If you’re a business owner headed toward divorce, then you’re probably worried about what’s going to happen to the company that you worked so hard to build. That’s understandable. After all, in an equitable division state like ours, your spouse likely has some financial interest in your business. In order to better determine your spouse’s interest in your business you’ll have to consider a number of factors, such as when you acquired the business, how much it has appreciated during the course of your marriage, and the contributions your spouse has made to the business.
But this week we want to look at another complicated issue when a business is wrapped up in divorce: business valuation.
The importance of business valuation
Properly valuating a business is crucial. The value assigned to your business can have a tremendous impact on the amount of money that your spouse is able to get from it during the property division process. While you may want to argue that the business’s value is low, your spouse will probably argue the opposite. This is where a professional valuation can provide clarity and fairness.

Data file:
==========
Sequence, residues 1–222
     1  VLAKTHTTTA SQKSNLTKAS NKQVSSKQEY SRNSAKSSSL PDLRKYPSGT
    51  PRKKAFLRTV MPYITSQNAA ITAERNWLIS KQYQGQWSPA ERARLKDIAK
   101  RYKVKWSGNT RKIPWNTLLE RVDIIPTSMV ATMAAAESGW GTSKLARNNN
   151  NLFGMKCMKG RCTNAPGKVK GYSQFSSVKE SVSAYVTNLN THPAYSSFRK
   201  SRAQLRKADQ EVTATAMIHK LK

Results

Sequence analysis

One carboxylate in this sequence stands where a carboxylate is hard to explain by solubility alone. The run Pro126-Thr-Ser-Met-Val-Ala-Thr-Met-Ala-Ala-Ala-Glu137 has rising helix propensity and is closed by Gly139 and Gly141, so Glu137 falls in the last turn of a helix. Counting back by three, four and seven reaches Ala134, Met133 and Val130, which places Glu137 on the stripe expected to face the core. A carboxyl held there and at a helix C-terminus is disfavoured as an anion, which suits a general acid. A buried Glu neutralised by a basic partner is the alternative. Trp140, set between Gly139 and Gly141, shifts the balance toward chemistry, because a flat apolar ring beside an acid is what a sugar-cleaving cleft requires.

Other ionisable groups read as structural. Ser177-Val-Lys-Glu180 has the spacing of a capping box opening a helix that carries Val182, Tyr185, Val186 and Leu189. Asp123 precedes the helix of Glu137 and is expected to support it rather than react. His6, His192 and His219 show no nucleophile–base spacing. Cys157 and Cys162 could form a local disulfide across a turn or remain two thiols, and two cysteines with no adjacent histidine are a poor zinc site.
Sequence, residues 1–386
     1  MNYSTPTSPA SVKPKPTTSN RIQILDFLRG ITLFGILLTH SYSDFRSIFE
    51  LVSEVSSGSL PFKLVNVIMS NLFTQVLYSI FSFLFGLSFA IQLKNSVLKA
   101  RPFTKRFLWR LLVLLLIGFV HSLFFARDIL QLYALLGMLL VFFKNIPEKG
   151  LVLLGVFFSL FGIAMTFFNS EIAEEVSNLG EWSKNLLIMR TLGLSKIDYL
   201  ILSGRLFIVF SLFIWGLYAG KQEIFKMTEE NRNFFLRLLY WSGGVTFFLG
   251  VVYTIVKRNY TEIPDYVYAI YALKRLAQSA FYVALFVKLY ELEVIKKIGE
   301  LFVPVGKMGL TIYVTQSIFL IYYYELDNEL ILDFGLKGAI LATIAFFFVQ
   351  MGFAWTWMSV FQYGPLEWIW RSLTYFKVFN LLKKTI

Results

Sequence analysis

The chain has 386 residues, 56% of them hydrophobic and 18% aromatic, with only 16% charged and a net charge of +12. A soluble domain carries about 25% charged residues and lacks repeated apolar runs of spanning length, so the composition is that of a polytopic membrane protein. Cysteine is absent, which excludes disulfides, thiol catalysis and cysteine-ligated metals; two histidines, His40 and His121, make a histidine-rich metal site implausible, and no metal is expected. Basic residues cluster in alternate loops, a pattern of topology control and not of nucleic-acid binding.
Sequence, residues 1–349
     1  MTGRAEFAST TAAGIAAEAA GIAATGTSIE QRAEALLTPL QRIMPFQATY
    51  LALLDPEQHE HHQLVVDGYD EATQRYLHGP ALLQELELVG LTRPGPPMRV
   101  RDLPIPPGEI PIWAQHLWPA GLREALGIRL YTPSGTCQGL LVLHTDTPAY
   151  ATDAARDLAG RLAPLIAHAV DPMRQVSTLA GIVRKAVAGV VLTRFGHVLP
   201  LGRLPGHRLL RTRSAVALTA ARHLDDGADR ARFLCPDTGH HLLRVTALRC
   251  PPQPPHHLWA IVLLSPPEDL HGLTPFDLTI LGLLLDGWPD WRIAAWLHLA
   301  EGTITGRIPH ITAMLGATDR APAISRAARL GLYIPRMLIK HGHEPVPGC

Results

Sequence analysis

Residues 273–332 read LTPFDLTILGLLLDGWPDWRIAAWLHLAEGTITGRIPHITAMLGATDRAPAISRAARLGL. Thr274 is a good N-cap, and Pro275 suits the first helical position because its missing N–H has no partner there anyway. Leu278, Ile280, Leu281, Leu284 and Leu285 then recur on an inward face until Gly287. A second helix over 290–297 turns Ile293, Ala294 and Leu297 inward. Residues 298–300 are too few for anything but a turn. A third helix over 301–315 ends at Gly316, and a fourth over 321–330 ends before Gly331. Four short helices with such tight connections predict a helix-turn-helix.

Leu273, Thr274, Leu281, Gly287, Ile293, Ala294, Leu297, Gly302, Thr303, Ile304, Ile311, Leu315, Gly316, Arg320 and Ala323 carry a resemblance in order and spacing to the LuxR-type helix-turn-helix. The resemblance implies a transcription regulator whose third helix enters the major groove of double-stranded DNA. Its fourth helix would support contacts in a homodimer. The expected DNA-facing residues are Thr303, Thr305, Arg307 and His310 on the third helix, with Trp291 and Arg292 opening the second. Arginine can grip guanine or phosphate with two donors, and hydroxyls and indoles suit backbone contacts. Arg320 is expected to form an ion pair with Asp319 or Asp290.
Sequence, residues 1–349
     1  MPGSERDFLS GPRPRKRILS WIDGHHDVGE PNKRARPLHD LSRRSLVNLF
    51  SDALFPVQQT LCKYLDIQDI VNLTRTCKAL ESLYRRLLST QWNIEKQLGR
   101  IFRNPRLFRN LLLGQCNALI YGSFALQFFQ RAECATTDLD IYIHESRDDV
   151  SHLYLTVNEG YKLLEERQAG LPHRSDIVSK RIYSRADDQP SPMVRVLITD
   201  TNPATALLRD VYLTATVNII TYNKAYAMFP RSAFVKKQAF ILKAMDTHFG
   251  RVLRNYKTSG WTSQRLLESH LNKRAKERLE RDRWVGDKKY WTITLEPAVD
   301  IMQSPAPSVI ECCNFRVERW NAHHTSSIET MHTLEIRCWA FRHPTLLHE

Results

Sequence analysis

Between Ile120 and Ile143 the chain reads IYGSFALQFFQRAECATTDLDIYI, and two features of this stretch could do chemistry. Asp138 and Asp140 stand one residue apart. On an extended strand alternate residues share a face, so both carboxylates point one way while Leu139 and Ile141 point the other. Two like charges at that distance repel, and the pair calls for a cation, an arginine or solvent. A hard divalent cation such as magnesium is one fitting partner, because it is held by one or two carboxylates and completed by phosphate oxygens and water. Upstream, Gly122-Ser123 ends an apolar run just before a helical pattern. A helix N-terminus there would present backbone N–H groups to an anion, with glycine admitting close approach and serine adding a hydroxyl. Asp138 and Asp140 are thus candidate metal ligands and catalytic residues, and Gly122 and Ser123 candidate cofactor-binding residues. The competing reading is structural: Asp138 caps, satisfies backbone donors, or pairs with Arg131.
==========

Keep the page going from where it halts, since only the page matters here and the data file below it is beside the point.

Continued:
How businesses are valuated
There are several approaches that can be utilized to value a business. The asset method simply tallies all assets and subtracts liabilities to reach an ascertained value. This approach can be difficult because some assets are hard to give an appropriate value.
The market approach utilizes comparable business sales in the area to give an estimate of the value of your business. The biggest challenge here is that there may not be any comparable business sales in your area.
A third method is the income approach. Here, your business’s history of cash flow is extrapolated into the future while taking a number of factors into consideration. This gives an idea of the what business is worth moving forward.
Know how to protect your business in your divorce
This is a very surface overview of some ways in which businesses are valuated during the divorce process. There are a lot of nuances involved in the process, including selecting the expert who will conduct the valuation and arguing the finer points of the valuation itself, which is why it might be in your best interests to have the assistance of a qualified legal professional on your side when dealing with these matters.